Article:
Possibly a few well placed proxie issues on some vary large corporations - say GE, Merrill Lynch, etc., to the point that only actual shares will be accepted and no over voiting allowed. It would initially fail, however serve to bring it to the investing public's attention.

or....

Have a stockholder object to the voting process with a proposal to have the transfer agent verify and validate that only share holding proxies voted and no over voting has been counted.

6:27 AM  
Blogger bob obrien said...

I was thinking that in cases like NFI, where there is a class actions suit against them, that their counsel should demand hard evidence that the plaintiffs have the right to legal redress. It would make history if it turned out that they didn't own real shares and the case had to be thrown out.

4:15 PM  
Anonymous Anonymous said...

Bob, That sounds like an excellent idea! Especially in the courtroom, in front of the Judge. Demonstrate that there are actual shares behind the monthly brokerage statement (actually have to produce at least 4 months worth) that will be presented - followed up with a full discovery in to the plantiff's brokerage account holdings - especially if it is a margined account (it woud be funny to have the on the same monthly statement a PIL entry for the dividend). I would pay to attend the court session.....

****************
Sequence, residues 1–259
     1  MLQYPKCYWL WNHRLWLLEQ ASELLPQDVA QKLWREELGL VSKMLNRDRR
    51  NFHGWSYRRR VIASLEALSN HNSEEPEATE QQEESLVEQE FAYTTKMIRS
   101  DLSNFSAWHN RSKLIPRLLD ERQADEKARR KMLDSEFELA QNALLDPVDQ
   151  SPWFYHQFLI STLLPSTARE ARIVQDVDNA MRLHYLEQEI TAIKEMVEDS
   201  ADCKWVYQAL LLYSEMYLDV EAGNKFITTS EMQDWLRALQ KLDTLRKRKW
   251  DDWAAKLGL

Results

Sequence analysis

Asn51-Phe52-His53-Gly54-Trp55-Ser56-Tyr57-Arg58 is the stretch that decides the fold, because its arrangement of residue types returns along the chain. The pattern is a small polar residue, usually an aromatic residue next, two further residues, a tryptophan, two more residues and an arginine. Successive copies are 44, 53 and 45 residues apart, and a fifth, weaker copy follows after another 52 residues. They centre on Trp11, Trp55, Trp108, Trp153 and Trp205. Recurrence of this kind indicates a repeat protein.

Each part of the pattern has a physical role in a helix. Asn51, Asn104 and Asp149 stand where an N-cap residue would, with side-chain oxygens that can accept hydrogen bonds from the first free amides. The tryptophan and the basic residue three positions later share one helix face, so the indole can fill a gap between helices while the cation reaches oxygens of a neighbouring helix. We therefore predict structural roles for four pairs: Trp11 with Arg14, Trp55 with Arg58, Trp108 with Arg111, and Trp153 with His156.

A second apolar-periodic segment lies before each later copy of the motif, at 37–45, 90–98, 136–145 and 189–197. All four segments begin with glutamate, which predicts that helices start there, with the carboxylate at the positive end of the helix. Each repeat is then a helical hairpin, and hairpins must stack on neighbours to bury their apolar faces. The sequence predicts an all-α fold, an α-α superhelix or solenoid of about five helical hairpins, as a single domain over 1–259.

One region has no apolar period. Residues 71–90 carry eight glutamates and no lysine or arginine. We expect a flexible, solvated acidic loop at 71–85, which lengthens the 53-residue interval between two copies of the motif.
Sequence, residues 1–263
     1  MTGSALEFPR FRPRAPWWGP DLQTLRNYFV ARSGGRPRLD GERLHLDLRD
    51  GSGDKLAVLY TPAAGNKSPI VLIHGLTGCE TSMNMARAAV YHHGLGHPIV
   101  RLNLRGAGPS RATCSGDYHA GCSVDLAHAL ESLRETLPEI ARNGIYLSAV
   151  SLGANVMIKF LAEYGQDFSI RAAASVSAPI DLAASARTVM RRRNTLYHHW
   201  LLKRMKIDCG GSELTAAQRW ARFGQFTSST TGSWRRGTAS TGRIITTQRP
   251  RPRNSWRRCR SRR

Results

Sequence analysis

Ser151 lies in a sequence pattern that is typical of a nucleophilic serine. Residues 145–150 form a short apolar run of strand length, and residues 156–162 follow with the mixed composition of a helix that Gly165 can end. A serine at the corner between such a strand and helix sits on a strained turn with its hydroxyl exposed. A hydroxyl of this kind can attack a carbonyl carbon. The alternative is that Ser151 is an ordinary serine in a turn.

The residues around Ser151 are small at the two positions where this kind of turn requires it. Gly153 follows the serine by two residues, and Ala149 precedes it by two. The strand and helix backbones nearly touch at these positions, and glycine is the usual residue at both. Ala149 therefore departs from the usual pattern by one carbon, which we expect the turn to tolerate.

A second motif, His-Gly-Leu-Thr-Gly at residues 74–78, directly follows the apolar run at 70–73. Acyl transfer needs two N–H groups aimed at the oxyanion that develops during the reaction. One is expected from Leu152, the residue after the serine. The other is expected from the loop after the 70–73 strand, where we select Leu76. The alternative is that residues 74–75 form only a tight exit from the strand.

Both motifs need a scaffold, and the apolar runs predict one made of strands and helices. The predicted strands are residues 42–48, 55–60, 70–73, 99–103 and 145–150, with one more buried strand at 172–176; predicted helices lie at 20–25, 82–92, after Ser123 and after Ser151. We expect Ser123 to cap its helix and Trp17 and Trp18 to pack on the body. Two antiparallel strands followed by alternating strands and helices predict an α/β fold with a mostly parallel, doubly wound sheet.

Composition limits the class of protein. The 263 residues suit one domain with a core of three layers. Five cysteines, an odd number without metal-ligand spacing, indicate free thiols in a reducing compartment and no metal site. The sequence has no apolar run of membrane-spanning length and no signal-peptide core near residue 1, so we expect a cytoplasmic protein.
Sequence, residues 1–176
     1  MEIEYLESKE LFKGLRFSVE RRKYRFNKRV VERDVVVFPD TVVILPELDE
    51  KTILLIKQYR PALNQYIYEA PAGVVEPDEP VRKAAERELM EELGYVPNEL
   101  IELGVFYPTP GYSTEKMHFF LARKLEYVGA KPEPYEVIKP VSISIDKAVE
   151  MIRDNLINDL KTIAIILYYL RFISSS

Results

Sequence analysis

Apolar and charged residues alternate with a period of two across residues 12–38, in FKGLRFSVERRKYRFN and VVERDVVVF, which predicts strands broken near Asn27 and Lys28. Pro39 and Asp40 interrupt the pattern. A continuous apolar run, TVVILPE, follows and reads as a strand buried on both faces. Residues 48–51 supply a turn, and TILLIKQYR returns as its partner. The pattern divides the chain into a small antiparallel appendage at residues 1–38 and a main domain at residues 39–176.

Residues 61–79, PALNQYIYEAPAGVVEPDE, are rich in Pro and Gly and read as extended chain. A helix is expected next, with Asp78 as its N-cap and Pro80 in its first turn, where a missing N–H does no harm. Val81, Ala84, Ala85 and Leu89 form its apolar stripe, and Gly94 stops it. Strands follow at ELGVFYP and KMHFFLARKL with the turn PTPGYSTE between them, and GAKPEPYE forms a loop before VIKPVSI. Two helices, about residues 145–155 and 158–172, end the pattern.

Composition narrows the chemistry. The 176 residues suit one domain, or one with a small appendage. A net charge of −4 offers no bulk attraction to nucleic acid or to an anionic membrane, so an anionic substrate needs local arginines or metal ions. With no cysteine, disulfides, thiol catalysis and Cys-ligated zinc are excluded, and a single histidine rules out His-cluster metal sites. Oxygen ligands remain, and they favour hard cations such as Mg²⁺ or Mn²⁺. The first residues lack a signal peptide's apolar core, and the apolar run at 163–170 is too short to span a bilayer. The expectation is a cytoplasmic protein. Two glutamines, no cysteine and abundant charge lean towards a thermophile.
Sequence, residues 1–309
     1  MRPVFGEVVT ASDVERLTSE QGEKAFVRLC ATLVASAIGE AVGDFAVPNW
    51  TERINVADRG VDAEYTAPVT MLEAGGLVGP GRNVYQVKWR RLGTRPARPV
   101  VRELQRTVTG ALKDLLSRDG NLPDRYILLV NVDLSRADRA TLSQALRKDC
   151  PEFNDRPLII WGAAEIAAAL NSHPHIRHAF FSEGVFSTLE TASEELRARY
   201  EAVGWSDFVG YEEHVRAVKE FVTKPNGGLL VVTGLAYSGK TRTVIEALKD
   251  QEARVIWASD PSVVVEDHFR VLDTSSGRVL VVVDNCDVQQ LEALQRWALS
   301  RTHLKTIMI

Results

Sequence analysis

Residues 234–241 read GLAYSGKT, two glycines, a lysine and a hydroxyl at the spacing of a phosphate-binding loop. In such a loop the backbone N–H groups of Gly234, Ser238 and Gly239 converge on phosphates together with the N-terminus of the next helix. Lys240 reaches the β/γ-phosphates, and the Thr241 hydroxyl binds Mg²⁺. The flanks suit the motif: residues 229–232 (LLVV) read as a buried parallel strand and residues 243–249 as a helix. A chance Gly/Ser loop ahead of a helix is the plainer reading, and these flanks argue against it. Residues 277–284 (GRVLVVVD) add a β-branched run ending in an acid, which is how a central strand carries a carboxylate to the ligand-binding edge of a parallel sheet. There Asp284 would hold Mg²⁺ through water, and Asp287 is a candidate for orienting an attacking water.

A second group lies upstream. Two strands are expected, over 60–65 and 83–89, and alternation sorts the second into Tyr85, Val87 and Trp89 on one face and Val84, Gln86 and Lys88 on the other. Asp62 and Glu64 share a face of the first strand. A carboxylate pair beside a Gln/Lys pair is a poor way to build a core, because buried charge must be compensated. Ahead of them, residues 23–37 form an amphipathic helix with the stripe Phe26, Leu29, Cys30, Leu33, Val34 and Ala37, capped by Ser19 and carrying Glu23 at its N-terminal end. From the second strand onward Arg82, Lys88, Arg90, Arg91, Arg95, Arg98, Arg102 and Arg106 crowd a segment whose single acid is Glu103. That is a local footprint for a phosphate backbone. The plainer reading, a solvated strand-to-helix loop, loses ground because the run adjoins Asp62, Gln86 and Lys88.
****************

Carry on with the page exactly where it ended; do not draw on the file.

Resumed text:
9:00 AM  
Anonymous Anonymous said...

... actually would it be possible to enter a "friend of the court brief" (amicus curiae) by an actual shareholder, on behalf and in support of NFI?

http://www.techlawjournal.com/glossary/legal/amicus.htm

NFI's lawyers would not have to agree, anybody could submit one, shareholder or not. NCANS could draft a standard one and submitt it routinely on all the cases that came up across all companies.

Also for distribution of any proceeds they should only go to actual shareholders not everyone with "shares" within their brokerage accounts.

Possibly the Judge could order the DTCC to disclose actual ownership data - FTD's - fake shares, etc.